In the late 1800s, economic conditions were dire in the Austro-Hungarian Empire, where present day Slovakia was located. Production of handmade goods had significantly declined and manufacturing jobs were scarce. The only option left for many people, especially the younger generation, was to return to farming or immigrate to the new “promised land” called America.
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It all started with a mistake. One of the first to leave Myjava, a small village of 10,000 people, was young Anna Mocko, who left for America in 1892 and settled on a farm near Minneapolis, Minnesota. Three years later, she decided to visit friends in Little Falls, New Jersey. The railroad agent in Minnesota mistook the “J” for a “Y” on her handwritten ticket, and sent Anna on her way to Little Falls, New York. It seems the “J” and “Y” is used interchangeably in Slovak.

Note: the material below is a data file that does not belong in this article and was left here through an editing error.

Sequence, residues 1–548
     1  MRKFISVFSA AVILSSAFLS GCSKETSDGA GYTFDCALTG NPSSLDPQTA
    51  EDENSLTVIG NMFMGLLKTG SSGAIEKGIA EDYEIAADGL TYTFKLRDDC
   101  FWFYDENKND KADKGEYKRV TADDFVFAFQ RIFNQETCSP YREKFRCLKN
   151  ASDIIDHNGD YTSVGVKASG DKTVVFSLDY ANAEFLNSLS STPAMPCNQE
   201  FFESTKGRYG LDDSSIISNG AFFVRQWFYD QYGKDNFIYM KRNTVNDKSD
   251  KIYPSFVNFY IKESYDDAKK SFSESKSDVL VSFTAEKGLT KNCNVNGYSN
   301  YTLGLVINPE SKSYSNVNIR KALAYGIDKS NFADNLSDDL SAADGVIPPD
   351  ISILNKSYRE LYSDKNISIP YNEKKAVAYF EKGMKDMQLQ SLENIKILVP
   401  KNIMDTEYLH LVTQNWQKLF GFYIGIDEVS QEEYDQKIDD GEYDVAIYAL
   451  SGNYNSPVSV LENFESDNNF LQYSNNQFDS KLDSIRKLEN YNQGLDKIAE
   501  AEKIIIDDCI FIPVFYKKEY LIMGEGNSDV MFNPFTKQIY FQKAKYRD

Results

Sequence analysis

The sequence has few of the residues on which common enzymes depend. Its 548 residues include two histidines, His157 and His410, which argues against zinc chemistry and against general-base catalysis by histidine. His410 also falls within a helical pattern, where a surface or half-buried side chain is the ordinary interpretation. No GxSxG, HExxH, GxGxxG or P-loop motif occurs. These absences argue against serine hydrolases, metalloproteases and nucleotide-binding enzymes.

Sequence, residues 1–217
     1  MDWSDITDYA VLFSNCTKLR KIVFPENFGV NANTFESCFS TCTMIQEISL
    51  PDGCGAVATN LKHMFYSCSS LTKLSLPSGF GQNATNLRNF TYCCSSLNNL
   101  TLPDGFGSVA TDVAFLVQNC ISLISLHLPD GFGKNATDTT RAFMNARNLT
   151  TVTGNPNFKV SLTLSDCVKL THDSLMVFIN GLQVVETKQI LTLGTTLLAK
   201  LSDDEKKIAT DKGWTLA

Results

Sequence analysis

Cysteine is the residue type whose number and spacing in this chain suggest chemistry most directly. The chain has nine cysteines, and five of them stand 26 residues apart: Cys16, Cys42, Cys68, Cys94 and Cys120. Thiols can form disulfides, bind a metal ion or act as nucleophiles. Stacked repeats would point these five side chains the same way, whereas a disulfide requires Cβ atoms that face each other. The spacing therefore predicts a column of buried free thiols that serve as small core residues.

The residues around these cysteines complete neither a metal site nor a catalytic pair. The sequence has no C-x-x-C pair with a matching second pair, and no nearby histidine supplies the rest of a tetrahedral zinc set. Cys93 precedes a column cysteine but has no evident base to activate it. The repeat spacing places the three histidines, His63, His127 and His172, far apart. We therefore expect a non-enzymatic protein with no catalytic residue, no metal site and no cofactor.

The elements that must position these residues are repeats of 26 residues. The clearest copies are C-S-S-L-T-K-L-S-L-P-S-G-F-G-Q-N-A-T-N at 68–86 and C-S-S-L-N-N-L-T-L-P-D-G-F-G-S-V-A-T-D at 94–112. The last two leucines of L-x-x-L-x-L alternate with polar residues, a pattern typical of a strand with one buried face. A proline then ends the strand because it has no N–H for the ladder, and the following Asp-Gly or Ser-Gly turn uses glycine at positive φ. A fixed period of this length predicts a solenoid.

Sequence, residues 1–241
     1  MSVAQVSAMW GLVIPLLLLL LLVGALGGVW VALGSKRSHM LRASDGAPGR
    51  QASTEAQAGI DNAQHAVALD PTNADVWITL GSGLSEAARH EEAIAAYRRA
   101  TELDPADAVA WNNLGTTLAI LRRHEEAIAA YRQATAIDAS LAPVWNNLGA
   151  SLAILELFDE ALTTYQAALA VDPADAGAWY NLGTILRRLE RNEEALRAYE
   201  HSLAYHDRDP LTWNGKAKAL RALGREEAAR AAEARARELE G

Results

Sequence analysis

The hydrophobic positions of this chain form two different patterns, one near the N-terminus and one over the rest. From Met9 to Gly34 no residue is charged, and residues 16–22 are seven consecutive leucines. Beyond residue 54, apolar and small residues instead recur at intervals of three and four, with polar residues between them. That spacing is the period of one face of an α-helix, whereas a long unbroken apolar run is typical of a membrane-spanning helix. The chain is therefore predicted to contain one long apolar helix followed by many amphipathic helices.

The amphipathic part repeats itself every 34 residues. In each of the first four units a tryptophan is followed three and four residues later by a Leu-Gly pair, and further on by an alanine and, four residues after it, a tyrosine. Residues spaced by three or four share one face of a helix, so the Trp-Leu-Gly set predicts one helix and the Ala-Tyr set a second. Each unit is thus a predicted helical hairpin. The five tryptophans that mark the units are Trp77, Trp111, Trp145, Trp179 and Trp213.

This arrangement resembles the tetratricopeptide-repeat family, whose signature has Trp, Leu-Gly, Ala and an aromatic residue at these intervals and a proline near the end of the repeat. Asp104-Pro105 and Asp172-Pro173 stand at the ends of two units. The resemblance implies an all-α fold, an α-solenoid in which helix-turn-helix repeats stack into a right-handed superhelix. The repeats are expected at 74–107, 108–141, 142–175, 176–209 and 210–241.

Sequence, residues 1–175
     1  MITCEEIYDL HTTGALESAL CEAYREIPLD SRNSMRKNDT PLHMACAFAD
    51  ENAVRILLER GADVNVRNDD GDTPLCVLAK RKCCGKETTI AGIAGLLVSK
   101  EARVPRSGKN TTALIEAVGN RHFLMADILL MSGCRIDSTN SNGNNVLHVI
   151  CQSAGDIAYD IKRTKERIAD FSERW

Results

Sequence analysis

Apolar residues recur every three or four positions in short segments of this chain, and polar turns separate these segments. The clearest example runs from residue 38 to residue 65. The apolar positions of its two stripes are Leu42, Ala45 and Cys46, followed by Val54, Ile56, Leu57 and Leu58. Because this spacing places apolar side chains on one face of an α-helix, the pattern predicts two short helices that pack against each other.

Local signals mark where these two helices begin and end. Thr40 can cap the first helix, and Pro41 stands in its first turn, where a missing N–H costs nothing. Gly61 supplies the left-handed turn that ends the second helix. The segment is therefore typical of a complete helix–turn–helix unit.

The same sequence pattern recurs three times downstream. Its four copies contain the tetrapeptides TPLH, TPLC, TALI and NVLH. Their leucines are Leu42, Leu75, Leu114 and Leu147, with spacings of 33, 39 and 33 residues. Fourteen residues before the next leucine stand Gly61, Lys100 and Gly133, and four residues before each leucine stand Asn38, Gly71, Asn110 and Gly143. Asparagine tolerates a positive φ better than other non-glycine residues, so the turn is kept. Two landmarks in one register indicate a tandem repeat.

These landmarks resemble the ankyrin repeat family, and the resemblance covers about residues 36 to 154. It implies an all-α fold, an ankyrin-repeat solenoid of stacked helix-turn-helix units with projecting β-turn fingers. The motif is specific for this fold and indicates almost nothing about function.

Departing from the train in the right village but in the wrong state, Anna was puzzled when no one was there to meet her, and this coupled with the language barrier presented a major problem. Fortunately, Anna was befriended by the Little Falls ticket agent, George Boyle, who spoke a little German. Boyle was able to find a place for her to stay. Little Falls was about the same size as Myjava. Manufacturing jobs were plentiful and Anna quickly found employment in the mills. She also noticed that the hills and valleys surrounding her new home were delightfully similar to those around Myjava. She wrote glowing reports to her friends and relatives back home, and soon a few left for a new life in the new world and Little Falls.
LOUIS BAUM: From Myjava to America: A Slovak Journey
LITTLE FALLS — In the late 1800s, economic conditions were dire in the Austro-Hungarian Empire, where present day Slovakia was located. Production of handmade goods had significantly declined and manufacturing jobs were scarce. The only option left for many people, especially the younger generation, was to return to farming or immigrate to the new “promised land” called America.
First a trickle, and then a flood of people left the Myjava region. Although thousands of Slovaks left to be with relatives and friends in large cities like Pittsburgh, Minneapolis, Cleveland, Chicago and New York City, the most important center for people from the Myjava region was the small town of Little Falls, New York! In fact, Little Falls was frequently called “Myjava in America” or the “Second Myjava.” Nearly one thousand people made the move from Myjava to Little Falls.